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July 27, 2021

Latter-day Saint leaders share message of peace, hope during annual Christmas devotional

SALT LAKE CITY — This time last year, President Russell M. Nelson of The Church of Jesus Christ Latter-day Saints sat beside 7-year-old Claire Crosby. He played the piano as she sang Silent Night.

This year’s Christmas season looks a little different than 2019 as the COVID-19 pandemic continues to bring turmoil to many worldwide.

On Sunday, the 96-year-old faith leader said he remembered fondly the cherished memory of singing with Claire during the church’s annual Christmas devotional, which was broadcast live from the Conference Center Theater on Temple Square.

Due to the ongoing pandemic, guests at Sunday’s devotional were limited to only those taking part in the proceedings. Pre-recorded music from The Tabernacle Choir on Temple Square was played in lieu of a live performance.

In addition to President Nelson, three other church leaders shared Christmas messages and spoke about what they said was the season’s true meaning: Jesus Christ.

Sister Rebecca L. Craven, Young Women General Presidency

Sister Rebecca Craven, second counselor in the church’s Young Women General Presidency, said she finds the imagery of Mary swaddling her newborn baby Jesus tender, and that it reminds her of seeing her new baby granddaughter being held tightly by her mother. As she watched her daughter-in-law comfort her baby, Sister Craven thought of others in need of a loving hug — even a virtual one.

Three years ago, Sister Craven’s daughter received one of those loving hugs from afar after receiving a text from her in-laws, sending what they called a “heavenly hug” while she waited in the hospital as her husband underwent heart surgery.

Moments later, a nurse saw Sister Craven’s daughter crying and offered her a warm blanket, which she declined; however, the nurse soon returned and wrapped her in a blanket anyway, saying she felt she needed a “heavenly hug.”

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Sister Craven likened the experience to Jesus Christ sending earthly angels to help people in their moments of need. With the Jesus’ pure love in mind, Sister Craven said she felt a strong desire to do more to share that same love with others and hoped she could better recognize the “heavenly hugs” she has received in her own times of need.

As many face struggles from the effects of the coronavirus pandemic, Sister Craven said she hoped gentle words and kind acts of compassion can serve as a comforting swaddle to those in need. She encouraged listeners to act on spiritual promptings to serve others and share a virtual “heavenly hug” with people in need of comfort.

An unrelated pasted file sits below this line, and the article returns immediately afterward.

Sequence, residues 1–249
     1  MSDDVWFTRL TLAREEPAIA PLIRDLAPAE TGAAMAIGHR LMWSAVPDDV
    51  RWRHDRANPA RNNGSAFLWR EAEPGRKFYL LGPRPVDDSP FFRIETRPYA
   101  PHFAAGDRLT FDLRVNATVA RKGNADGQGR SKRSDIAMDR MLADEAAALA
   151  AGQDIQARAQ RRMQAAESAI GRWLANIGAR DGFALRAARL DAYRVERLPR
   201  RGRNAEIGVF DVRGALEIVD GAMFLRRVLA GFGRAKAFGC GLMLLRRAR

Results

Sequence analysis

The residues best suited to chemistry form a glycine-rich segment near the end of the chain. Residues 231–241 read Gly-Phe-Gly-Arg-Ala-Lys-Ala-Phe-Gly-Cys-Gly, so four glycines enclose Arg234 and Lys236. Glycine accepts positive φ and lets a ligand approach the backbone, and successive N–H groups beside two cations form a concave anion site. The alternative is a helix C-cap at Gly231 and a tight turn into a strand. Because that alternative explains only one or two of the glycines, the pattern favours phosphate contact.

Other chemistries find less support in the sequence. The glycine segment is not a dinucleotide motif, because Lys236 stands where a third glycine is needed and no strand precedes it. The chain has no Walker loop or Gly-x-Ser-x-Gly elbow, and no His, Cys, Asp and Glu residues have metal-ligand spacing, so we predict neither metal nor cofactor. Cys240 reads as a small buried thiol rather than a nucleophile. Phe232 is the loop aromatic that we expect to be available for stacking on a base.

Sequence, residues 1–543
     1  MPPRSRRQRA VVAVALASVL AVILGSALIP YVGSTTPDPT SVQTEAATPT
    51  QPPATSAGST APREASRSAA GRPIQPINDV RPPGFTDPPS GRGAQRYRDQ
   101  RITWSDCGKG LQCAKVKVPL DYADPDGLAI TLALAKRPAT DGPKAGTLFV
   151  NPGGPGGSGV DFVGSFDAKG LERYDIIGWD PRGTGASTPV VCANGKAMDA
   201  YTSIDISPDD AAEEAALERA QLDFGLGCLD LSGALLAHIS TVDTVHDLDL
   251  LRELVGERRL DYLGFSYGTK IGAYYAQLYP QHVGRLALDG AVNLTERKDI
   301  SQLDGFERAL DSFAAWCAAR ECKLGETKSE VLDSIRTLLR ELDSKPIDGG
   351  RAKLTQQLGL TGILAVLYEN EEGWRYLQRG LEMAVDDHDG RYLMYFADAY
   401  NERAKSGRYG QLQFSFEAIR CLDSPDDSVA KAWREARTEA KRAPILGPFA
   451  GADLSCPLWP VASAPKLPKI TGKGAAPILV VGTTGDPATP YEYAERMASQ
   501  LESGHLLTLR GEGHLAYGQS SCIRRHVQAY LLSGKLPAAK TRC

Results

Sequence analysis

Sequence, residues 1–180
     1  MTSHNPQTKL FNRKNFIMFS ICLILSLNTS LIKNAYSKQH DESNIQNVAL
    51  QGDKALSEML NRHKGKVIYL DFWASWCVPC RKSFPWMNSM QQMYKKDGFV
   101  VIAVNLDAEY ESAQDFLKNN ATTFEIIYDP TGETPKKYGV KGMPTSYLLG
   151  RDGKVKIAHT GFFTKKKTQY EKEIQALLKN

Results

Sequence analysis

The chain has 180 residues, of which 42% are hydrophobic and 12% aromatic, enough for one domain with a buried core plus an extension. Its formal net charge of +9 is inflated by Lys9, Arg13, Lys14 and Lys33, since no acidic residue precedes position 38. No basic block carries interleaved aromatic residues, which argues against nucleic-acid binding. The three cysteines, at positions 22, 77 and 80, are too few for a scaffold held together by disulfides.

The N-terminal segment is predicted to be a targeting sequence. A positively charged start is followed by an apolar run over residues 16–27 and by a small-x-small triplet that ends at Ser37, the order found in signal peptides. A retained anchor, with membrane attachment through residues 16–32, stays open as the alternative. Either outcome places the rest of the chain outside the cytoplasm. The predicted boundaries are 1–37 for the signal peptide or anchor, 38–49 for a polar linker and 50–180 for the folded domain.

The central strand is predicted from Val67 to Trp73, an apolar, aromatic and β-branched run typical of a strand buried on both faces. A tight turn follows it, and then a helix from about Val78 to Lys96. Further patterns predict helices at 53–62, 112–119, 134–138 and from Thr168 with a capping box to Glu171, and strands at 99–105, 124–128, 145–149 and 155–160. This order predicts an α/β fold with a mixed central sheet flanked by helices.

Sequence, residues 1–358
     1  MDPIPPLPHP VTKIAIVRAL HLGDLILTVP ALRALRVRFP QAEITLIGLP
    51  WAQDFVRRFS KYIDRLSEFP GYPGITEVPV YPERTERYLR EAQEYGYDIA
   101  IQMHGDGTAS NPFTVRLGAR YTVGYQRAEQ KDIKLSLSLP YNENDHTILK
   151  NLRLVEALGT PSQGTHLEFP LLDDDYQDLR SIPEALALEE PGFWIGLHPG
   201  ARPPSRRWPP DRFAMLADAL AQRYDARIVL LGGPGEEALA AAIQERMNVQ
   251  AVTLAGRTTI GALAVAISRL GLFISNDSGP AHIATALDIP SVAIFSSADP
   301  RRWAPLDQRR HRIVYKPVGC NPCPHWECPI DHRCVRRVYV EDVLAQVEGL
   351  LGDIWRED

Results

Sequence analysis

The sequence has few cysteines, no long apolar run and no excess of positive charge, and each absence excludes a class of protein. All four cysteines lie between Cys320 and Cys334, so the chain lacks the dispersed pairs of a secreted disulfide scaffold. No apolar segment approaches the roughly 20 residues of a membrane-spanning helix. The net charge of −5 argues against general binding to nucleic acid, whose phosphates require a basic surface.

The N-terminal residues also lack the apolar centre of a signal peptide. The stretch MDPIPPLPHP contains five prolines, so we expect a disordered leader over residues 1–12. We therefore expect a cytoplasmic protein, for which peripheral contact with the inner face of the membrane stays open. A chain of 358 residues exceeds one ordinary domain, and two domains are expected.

Elder Brent H. Nielson, Presidency of the Seventy

Many years ago, Elder Brent H. Nielson’s young father spent three Christmases away from home as he fought in World War II.

In a letter sent to his mother at the time, Elder Nielson’s father said any Christmas package sent had not arrived on time and wished he could spend Christmas at home with his family. He wrote about something his mother said often: “You never miss the water until the well goes dry.”

As Elder Nielson read the bleak Christmas letter, he mourned for his father’s less-than-ideal holiday and wondered: How much suffering can he endure? Aside from spending Christmases away at war with not even a single gift, Elder Nielson’s father also lost his own father to a heart attack at just 12 years old.

“Couldn’t he at least get a gift on Christmas?” Elder Nielson pondered aloud.

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In that moment, Elder Nielson said the Holy Ghost spoke to him and gently reminded him his father had received the most important gift of all: the gospel.

As the pandemic leaves many separated from families and friends during this Christmas season, Elder Nielson said some might feel like his father did in 1943. But he hoped they’d discover that Jesus Christ is the greatest gift who delivers a wonderful and peaceful life.

Elder Jeffrey R. Holland, Quorum of the Twelve Apostles

A tearful Elder Jeffrey R. Holland spoke about the birth story of Jesus Christ in Bethlehem and noted the significance of it taking place at night, a time of peace and when dreams take place.

Elder Holland added that revelation often happens at night and specifically through dreams. No matter how difficult the day has been, “sweet dreams of the night can make everything right,” he said.

President Russell M. Nelson

During his remarks, President Nelson thanked those who participated in his recent call to flood social media with positivity using the hashtag #GiveThanks and asked individuals to continue to give thanks to God through prayer.

He also shared a message of hope as he invited everyone to focus on Jesus Christ during the Christmas season. During a time that has caused nearly every soul on Earth to suffer, President Nelson said there is nothing more important this year than focusing on the Savior Jesus Christ. Thanks to Jesus Christ, he said, everyone is able to progress and reach new heights as they strive for their divine destiny.

The church leader also shared a blessing for all to feel peace, have an increased ability to feel spiritual promptings, and know how much God and Jesus Christ love and care for them.


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